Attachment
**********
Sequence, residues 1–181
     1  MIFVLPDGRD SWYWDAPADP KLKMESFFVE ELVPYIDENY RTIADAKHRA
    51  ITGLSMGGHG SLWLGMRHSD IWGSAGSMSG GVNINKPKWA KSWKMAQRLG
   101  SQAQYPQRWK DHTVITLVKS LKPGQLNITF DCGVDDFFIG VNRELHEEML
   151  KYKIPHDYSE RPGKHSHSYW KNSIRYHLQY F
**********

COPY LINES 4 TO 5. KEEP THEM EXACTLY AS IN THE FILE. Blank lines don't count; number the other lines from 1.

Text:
   101  SQAQYPQRWK DHTVITLVKS LKPGQLNITF DCGVDDFFIG VNRELHEEML
   151  KYKIPHDYSE RPGKHSHSYW KNSIRYHLQY F